The rapid technological changes affecting economies and societies around the globe may have transformed firm-to-firm transactions, generated new forms of production and exchange, and created new forms of work, but the new economy has not begun to remove the old economy’s social problems.
The changes underway are being superimposed on a very unequal world. The gap between “amazon.com” and the Amazon is growing. The past decades of globalisation have increased, not decreased, inequality in the global economy. Per capita incomes in the richest fifth of countries in the world was 30 times greater than in the poorest fifth in 1960, soaring to 60 times greater in 1990 and 74 times greater in 1995. Increased global access to mobile phones or computing will not be translated into development, unless people in poorer countries have access to clean drinking water and basic education.
Within the industrialised countries of the OECD, there is a continuing growth in inequality, with many countries having a disturbing number of workers below the poverty line. In the United States, the ratio of average chief executive officers’ pay in Fortune 500 companies to that of the average production worker rose from 42 to 1 in 1980 to 419 to 1 in 1998. A growing number of the young unemployed in OECD countries are concentrated in households where no one works – they are detached from the labour market and excluded from society. The challenge now is to stop this growing social divide being reinforced by a “digital divide” between those who have access to the new technologies and those who do not.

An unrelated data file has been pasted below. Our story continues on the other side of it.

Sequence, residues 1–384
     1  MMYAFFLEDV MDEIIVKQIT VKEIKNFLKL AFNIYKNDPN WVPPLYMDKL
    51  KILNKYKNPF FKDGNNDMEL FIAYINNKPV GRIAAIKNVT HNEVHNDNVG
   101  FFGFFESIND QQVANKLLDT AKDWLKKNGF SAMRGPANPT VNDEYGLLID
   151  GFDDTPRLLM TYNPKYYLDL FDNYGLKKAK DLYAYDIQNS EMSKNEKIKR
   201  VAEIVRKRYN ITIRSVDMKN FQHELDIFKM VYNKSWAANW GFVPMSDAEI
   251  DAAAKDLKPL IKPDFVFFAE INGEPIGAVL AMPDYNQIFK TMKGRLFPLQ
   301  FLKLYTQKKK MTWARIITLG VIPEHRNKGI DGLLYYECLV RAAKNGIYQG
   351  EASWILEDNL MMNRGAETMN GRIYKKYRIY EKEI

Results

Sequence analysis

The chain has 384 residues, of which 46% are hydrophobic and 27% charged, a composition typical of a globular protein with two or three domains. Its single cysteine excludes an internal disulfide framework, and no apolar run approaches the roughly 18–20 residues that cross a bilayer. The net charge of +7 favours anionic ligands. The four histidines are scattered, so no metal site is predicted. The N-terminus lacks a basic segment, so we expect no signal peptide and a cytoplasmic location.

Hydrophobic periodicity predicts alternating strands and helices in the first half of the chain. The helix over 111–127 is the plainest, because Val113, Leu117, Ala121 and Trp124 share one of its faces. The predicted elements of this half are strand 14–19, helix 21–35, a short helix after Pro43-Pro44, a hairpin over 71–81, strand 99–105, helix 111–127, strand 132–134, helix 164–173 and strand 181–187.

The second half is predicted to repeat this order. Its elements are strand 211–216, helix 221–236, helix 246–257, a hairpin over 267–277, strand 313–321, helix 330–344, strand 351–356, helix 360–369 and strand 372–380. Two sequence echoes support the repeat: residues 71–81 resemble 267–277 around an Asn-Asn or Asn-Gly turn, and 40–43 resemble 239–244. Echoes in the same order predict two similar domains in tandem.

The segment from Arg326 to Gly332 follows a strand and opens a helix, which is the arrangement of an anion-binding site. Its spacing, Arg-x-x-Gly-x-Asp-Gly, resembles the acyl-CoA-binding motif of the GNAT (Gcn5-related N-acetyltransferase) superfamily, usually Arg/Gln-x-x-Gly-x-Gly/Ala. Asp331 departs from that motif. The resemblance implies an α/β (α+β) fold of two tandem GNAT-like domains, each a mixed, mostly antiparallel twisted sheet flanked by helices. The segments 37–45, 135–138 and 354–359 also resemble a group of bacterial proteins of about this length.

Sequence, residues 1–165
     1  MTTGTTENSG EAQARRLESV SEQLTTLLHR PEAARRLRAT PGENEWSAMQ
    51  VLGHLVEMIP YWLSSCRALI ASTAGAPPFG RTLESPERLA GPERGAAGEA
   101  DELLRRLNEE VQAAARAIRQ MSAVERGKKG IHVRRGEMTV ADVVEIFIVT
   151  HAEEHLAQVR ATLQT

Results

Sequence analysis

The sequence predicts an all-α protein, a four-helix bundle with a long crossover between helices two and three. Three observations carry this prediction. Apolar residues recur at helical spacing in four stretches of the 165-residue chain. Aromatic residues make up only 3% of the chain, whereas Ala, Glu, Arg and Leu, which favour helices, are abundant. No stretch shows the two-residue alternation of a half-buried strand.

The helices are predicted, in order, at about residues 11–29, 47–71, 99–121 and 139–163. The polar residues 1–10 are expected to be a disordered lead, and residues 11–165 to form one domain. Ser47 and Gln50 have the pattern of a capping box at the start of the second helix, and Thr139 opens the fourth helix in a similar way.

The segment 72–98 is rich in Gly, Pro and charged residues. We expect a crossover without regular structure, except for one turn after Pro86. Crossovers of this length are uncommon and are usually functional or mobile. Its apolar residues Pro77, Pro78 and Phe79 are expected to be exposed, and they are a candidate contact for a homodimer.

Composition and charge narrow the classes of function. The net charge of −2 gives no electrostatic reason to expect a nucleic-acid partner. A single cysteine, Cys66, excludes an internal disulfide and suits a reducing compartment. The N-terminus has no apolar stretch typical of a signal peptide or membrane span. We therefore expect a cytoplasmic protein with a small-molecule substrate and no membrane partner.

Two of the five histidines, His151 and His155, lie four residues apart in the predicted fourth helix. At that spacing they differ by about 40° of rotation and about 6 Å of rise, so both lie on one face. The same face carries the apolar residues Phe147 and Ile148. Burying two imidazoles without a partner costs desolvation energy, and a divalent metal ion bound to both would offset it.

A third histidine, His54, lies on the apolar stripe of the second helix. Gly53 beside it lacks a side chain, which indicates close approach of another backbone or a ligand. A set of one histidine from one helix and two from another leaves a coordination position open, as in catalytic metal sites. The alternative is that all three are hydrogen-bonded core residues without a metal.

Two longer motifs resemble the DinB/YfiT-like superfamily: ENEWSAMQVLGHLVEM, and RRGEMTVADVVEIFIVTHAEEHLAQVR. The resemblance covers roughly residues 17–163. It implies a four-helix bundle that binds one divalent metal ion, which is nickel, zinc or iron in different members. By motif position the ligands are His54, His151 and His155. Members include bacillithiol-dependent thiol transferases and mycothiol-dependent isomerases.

In some OECD countries the increase in casualisation or itinerant work has contributed to a sense of growing insecurity for many workers, rather than wellbeing. But even in countries where there has not been a significant change in job tenure, there is evidence, recorded in past OECD work, of an increasing sense of insecurity. The accelerating pace of change and increasing work pressure are leading to more anxiety. This is bad in itself, but is also economically inefficient – growing insecurity and fear do not make a good foundation on which to build a high performance economy.
Meeting all these challenges will call for an effective public policy response. First and foremost, governments must restore the objective of achieving full employment by ensuring that their economic policies translate potential productivity increases into real social and economic gains. Updated regulatory mechanisms, on areas ranging from tax and consumer policy to the enforcement of competition and anti-trust policy, are also required.
In the area of labour market regulation, we have to step beyond the simplistic notion of “flexibility”, where workers are expected to give up social protection, decent wages, or job security. In the knowledge-based economy, competitive advantage will lie with those countries that have strong social cohesion built on investment in education and training as well as solid industrial relations that give workers an effective voice and the tools to influence change. In other words, the most successful countries of the new age will be those with institutions that are able to balance the market pressures of adaptation and dynamism with social concerns of security and dignity.
A key priority for governments must be to invest in education and training and to adapt them both to the needs of a changing (and volatile) economy and society and to the objective of raising the level and quality of employment. That means widening access to education and creating a general entitlement to lifelong learning, rather in the same way as entitlement to retirement pensions was established in the past.